If you miss 2 or more days of clozapine doses, talk to your doctor before you start taking it again. You may need to restart clozapine at a lower dose than you were taking before.

Storage

Store the medicine in a closed container at room temperature, away from heat, moisture, and direct light. Keep from freezing.

Keep out of the reach of children.

Do not keep outdated medicine or medicine no longer needed.

Ask your healthcare professional how you should dispose of any medicine you do not use.

Precautions While Using clozapine

It is important that you have your blood tests done when they are scheduled, and that your doctor check your progress at regular visits. Clozapine can cause some very serious blood problems that you may not be able to feel or see. The pharmacy will give you clozapine only if your blood tests show that it is safe for you to take clozapine. Also, your doctor will make sure the medicine is working properly and change the dosage if needed.

If you have been using clozapine regularly, do not stop taking it without first checking with your doctor. Your doctor may want you to gradually reduce the amount you are taking before stopping it completely. This is to help prevent the illness from suddenly returning and to decrease the chance of having symptoms such as headache, nausea, vomiting or diarrhea.

clozapine will add to the effects of alcohol and other central nervous system (CNS) depressants, which are medicines that slow down the nervous system and possibly cause drowsiness. Some examples of CNS depressants are antihistamines or medicine for hay fever, other allergies, or colds; sedatives, tranquilizers, or sleeping medicine; prescription pain medicine or narcotics; barbiturates; medicine for seizures; muscle relaxants; or anesthetics, including some dental anesthetics. Check with your doctor before taking any of the above while you are using clozapine.

Clozapine can temporarily lower the number of white blood cells in your blood, which increases the chance of getting an infection. If this occurs, there are certain precautions you can take, especially when your blood count is low, to reduce the risk of infection:

  • If you can, avoid people with infections. Check with your doctor immediately if you think you are getting an infection or if you get a fever or chills, cough or hoarseness, lower back or side pain, or painful or difficult urination.
  • Be careful when using a regular toothbrush, dental floss, or toothpick. Your medical doctor, dentist, or nurse may recommend other ways to clean your teeth and gums. Check with your medical doctor before having any dental work done.
  • Do not touch your eyes or the inside of your nose unless you have just washed your hands and have not touched anything else in the meantime.

Contact your doctor as soon as possible if you have chest pain or discomfort, a fast heartbeat, trouble breathing, or fever and chills. These can be symptoms of a very serious problem with your heart.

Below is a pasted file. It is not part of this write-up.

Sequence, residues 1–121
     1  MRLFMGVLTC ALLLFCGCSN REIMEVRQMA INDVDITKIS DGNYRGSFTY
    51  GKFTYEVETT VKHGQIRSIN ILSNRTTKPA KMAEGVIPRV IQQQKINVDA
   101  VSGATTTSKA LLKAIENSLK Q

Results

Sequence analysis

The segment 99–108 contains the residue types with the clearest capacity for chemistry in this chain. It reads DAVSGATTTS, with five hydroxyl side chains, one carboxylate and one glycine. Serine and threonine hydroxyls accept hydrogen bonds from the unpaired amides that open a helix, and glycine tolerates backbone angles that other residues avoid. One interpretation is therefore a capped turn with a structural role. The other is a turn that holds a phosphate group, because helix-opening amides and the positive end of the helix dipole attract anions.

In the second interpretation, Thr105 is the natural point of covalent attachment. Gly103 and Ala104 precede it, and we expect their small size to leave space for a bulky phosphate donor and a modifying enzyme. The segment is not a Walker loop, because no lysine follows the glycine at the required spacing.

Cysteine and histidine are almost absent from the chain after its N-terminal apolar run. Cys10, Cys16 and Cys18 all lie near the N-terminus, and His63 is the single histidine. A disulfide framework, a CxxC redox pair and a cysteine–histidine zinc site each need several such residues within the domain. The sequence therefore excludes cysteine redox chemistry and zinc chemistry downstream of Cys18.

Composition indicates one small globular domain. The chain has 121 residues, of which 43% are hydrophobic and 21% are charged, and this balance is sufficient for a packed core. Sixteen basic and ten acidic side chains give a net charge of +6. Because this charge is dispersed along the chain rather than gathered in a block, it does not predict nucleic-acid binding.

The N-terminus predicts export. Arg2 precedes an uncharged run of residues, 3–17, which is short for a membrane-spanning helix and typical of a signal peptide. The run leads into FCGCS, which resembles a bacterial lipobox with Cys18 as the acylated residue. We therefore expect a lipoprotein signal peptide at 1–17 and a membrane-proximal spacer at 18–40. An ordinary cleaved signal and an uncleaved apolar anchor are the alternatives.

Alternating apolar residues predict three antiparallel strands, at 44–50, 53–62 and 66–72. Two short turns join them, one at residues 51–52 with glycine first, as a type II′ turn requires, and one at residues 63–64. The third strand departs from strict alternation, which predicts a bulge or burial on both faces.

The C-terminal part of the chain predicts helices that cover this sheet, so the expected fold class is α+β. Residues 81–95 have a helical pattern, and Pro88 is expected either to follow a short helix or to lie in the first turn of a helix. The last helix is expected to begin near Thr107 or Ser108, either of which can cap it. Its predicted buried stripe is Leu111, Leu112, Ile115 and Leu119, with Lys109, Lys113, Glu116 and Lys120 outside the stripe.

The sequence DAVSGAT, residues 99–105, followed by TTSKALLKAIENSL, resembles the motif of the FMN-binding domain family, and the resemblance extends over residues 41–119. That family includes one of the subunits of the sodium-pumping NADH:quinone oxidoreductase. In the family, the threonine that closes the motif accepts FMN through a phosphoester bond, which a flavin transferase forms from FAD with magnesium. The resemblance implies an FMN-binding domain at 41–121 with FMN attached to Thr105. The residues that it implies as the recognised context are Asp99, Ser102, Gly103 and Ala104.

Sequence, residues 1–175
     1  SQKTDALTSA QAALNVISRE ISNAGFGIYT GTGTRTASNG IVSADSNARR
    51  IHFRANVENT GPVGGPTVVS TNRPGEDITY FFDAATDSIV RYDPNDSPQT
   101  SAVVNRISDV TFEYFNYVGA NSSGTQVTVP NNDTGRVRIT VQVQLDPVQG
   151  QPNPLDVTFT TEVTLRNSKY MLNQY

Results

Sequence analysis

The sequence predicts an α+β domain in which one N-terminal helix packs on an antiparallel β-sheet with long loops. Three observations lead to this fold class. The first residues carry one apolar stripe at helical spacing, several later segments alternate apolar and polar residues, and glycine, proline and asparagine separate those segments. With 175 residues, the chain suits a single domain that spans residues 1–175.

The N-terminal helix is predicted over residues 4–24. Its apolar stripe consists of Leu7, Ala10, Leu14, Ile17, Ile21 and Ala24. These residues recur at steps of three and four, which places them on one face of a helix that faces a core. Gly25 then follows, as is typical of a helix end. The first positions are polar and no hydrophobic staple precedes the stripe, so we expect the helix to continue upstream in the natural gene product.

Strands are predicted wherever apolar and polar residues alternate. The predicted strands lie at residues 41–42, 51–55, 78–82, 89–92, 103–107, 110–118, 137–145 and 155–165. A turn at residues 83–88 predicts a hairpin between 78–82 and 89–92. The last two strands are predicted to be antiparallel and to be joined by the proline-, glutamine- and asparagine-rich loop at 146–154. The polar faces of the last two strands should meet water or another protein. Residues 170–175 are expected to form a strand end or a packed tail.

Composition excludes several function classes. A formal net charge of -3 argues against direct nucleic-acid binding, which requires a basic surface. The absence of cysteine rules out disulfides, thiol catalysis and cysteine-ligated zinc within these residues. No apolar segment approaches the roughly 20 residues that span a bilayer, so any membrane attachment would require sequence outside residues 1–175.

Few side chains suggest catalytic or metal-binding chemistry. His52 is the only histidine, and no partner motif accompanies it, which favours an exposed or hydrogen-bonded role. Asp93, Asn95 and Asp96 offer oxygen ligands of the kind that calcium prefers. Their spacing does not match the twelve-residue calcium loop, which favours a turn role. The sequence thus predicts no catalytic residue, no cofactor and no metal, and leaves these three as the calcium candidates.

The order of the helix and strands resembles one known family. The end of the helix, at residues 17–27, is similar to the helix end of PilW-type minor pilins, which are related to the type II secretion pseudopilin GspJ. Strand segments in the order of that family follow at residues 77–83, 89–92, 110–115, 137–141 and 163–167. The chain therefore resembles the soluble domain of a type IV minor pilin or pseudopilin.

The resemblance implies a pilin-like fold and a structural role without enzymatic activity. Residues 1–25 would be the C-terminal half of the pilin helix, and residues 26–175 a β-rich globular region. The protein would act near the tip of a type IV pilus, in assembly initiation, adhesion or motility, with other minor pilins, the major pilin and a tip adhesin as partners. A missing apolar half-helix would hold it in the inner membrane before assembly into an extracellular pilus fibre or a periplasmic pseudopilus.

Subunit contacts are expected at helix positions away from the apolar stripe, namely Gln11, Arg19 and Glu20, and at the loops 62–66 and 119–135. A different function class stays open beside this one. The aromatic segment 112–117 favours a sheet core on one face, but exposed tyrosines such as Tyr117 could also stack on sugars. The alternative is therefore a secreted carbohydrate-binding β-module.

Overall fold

Clozapine may cause drowsiness, blurred vision or convulsions (seizures). Do not drive, climb, swim, operate machines or do anything else that could be dangerous while you are taking clozapine.

Dizziness, lightheadedness, or fainting may occur, especially when you get up from a lying or sitting position suddenly. Getting up slowly may help. If this problem continues or gets worse, check with your doctor.

clozapine may increase the amount of sugar in your blood. Check with your doctor right away if you have increased thirst or urination. Diabetic patients should check their blood and urine sugar levels more often while taking clozapine. The dose of diabetic medicines may need to be changed.

In some patients, clozapine may cause increased watering of the mouth. Other patients, however, may get dryness of the mouth. For temporary relief of mouth dryness, use sugarless gum or candy, melt bits of ice in your mouth, or use a saliva substitute. However, if your mouth continues to feel dry for more than 2 weeks, check with your medical doctor or dentist. Continuing dryness of the mouth may increase the chance of dental disease, including tooth decay, gum disease, and fungus infections.

Check with your doctor right away if you are having convulsions (seizures); difficulty with breathing; fast heartbeat; high fever; high or low blood pressure; increased sweating; loss of bladder control; severe muscle stiffness; unusually pale skin; or tiredness. These could be symptoms of a serious condition called neuroleptic malignant syndrome (NMS).

clozapine may cause tardive dyskinesia (a movement disorder) among the elderly, especially elderly women. Check with your doctor right away if you have any of the following symptoms while taking clozapine: lip smacking or puckering, puffing of the cheeks, rapid or worm-like movements of the tongue, uncontrolled chewing movements, or uncontrolled movements of the arms and legs.

Make sure any doctor or dentist who treats you knows that you are using clozapine. You may need to stop using clozapine several days before having surgery or medical tests.

clozapine Side Effects

Along with its needed effects, a medicine may cause some unwanted effects. Some side effects may not have signs or symptoms that you can see or feel. Clozapine can cause some very serious blood problems. Your doctor will watch for these by doing blood tests every week or two for as long as you are taking clozapine and for 4 weeks after you stop taking it. Although not all of these side effects may occur, if they do occur they may need medical attention.

Check with your doctor immediately if any of the following side effects occur:

More common
  • Blurred vision
  • confusion
  • dizziness, faintness, or lightheadedness when getting up from a lying or sitting position suddenly
  • fainting
  • fast, pounding, or irregular heartbeat or pulse
  • fever
  • low blood pressure
  • shakiness in legs, arms, hands, or feet
  • sleepiness or unusual drowsiness
  • sweating
  • trembling or shaking of hands or feet
  • unusual tiredness or weakness
Less common
  • Anxiety
  • black, tarry stools
  • chest pain